Since it’s gone a bit late in the day, a lot of the day trippers have gone, and the temple is very quiet. The weather is still warm, but there’s a lovely breeze blowing. We walk around the Temple area and find the impressive looking belfry.
At the base of the bell is the following message:
The Nagano Olympic Games began with the solemn sound of the Zenkoji gong. The pure sound pierced the minds and hearts of all who heard it.
We ramble around a bit more and find a stone pillar, with a heavy stone wheel inserted inside it. It’s called a Rinnetoh and Sachiko explains that it’s like a lazy man’s road to salvation. Having so narrowly missed getting my hands on the keys to paradise, I’m totally ready to sign to any quick-fix solution to salvation. The Rinnetoh works thus: a full rotation of the wheel is equivalent to reading one full sutra of the Buddha’s teachings, simply rotate the wheel and you’ve done enough to save your soul. I rotate the wheel. It does take a bit of effort, but not that much.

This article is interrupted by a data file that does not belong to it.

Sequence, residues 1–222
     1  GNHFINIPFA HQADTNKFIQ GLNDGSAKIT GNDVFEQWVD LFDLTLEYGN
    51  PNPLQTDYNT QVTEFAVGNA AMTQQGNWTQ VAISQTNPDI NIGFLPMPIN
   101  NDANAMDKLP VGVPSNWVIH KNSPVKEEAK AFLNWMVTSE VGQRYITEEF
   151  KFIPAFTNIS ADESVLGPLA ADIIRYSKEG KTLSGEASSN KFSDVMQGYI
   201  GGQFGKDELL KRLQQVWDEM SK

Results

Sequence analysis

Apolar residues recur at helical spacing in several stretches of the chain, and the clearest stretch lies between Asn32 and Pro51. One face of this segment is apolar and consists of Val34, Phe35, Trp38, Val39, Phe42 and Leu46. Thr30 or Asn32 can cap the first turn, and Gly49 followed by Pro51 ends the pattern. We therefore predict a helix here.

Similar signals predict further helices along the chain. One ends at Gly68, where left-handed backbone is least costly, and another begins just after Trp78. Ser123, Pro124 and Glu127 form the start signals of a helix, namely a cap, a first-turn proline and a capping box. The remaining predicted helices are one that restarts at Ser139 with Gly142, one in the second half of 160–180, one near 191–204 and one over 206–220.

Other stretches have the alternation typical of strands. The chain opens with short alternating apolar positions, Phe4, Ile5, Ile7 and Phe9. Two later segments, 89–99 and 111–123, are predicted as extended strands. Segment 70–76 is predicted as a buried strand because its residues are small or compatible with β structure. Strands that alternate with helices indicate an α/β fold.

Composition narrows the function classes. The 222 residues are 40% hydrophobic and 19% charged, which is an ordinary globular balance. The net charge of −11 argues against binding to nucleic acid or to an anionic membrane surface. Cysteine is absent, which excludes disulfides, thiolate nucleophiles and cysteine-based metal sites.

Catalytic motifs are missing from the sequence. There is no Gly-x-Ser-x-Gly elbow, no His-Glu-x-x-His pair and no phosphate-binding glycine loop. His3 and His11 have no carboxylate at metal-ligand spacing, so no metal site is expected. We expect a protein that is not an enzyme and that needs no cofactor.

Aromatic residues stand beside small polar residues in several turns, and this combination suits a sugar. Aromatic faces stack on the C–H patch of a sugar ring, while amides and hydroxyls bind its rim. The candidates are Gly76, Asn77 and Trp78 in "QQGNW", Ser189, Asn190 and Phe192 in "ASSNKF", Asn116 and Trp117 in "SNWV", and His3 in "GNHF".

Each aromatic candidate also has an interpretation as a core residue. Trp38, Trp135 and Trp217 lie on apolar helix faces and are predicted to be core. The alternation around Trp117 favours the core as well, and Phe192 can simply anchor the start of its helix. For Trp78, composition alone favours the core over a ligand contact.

The explanation on the accompanying sign isn’t as optimistic about salvation, however; it suggests it’s only a possibility…
Rotating the stone wheel (transmigration wheel) may save one from pain and suffering
Towards the end, we find a statue of Jizo Bosatsu which was built as a petition. Like a lot of old buildings in Japan, the Zenkoji Temple is made of wood and in it’s lifetime, has burned down 11 times. The statue of Jizo Bosatsu was made as an appeal to the Gods to stop this from reaccuring.
Our last “hangout” in the Zenkoji Temple is the Daikanji, the home of the high priest.
All in all, it’s been a very pleasant visit to the Temple. With so few people around, the peace, quiet and stillness of the place have left me feeling very zen.
We leave the Temple behind us and stroll back down the hill towards the railway station. On our final walk back through an arcade, I encounter something every Irish person encounters when travelling, no matter how far you are from home: the trail of other Irish people.